Episode 4 - Currently Viewing
By Ryan Rabidou
We’re out on our longest trip yet; four months of the gypsy-lifestyle we love. We’re covering a lot of ground from Whistler BC to Key West, FL and we’ve come to realize our trailer isn’t the only thing that’s been broken in – we have been too.
From surviving in extreme temperatures, to packing and everything in between, we’ve become pros at life on the road in our Airstream Flying Cloud. If you’re going to live like this you have to do the delicate dance of balancing planning and preparation and living on the fly, being ready for whatever happens.
It starts with packing. Danielle is a master packer. I’m the minimalist. She makes lists and piles and thinks of everything we could possibly need. I am the final filter, usually making her whittle down the mounds – cutting the stuff in half.
I always tell her, “Look, you love to shop, if you really need something you can buy it in the place we end up and it will be a little memento,” like the totem pole I bought in Sante Fe, because I like to shop too, and everyone needs a totem pole.
One of our strategies for this trip, because we would be navigating extremely cold temperatures and the warmth of spring, was to skim off the top of our stuff, bringing our favorite things from each category of clothing. It’s how we ensure we have comfortable clothes for travel and hiking but still have appropriate clothes for going out when we arrive at our destination. Selecting items that are versatile and can be layered or have multiple purposes ensures they never get cut from the packing pile.
I’m also a little compulsive about organization, so once we are in the Airstream full time, everything has to have its place. Each cabinet is designated to store similar things. We’re juggling so much. The Airstream needs to be clean. It reflects our mindset. It’s how we manage the frenetic busyness of our adventures with having a calm place to return to for our work-life balance, all in our 25-foot trailer.
Once we set out, the real adventure begins. We know now that you can never be prepared for everything, but when it comes to winter camping, we’re much better at it.
Propane management for heat has been the most difficult. In the extreme temperatures we’re dealing with of minus 30 degrees F at night, we’ve realized that we need about one tank per day, and that’s with turning the thermostat down to 58 when we’re not in the trailer. And you never know when the tank will run out. Sometimes I’m behind the trailer in the middle of the night with my flashlight, in a daze, half asleep, working to make the switch in the frigid temperatures.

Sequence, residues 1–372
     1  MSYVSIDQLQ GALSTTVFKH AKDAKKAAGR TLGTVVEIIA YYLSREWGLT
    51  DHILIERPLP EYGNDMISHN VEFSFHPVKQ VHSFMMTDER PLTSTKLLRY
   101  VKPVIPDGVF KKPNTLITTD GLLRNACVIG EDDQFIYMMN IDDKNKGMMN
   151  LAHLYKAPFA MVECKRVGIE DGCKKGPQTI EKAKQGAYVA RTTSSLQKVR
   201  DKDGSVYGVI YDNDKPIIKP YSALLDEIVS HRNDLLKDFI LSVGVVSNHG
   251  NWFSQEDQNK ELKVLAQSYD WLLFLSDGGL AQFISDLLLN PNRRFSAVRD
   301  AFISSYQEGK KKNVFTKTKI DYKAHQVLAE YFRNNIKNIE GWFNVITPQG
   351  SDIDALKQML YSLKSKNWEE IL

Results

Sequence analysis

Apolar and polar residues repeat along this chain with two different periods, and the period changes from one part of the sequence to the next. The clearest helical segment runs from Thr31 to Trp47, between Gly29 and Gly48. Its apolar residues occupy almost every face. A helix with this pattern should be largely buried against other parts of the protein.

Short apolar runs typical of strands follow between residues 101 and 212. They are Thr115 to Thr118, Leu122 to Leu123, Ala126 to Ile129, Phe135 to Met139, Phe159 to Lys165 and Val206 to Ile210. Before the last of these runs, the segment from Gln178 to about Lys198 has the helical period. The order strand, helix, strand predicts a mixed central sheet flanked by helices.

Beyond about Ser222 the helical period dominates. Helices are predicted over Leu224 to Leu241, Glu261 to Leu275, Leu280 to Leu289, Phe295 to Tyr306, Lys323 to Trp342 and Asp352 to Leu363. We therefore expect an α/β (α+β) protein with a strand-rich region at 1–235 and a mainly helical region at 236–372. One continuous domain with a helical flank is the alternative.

For us, the best strategy we’ve found is to have a space heater to help take the chill off and bring the trailer up to temperature quickly after being out for the day. And if you point it at your head while you’re sleeping it helps take the chill off.
I’ve gotten better at driving in winter conditions with the trailer and exceptionally better at backing it up after the tree incident on Christmas. Danielle has the Pilot Flying J app on her phone because we know they are clean with good showers and can be a consistently good place to stop. We didn’t figure that out until the end of our trip the last time.
We know how to keep the trailer from freezing out with propane management, but we also know if everything freezes and the propane stops working, we’re going to be just fine. We know if we are boondocking and only have the use of one outlet, a power strip multiplies our power so we can charge our phone, run our heater and use a computer all at the same time. It really is the little things sometimes.
We now see a Walmart as an oasis. When we are just trying to cover ground as we move from destination to destination and we need a place to park for the night, we look for Walmart. They are free, right off the highway, with decent facilities and access to food, paper plates to serve it on when the trailer is winterized, and even a snow shovel (if needed).
Being in this environment as a couple you don’t have anyone else to blame other than the other person or yourself. You really become accountable for everything. It’s very noticeable when one if you isn’t functioning the way you should. In the tight, high-pressure environment we rely on that rhythm and we notice right away when our rhythm seems to be off.
One of our lessons came full circle when we were at the hot springs just outside Jackson Hole. As we were leaving, we happened upon a man whose truck was buried in the snow – I mean really stuck. He was a little frantic, and had tried a few times to get out, but was only making the situation worse.
Right away, I knew I could help, because now I’m an expert at putting chains on tires, and I wasn’t the slightest bit stressed about the situation, because my truck and trailer were on solid ground. When someone who isn’t directly affected by the stressful situation can come up and calmly be willing to help – like Danielle, when I backed the Airstream into a tree – it bring things to a resolution. So, together we fastened the chains and helped to free him.
Turns out we rescued an executive for Just Ledoux It Bourbon and he expressed his gratitude with three bottles of bourbon.
Bourbon or not, we’re always in the mode of pay it forward because we never know when we’re going to need that help too. It’s just people helping people.
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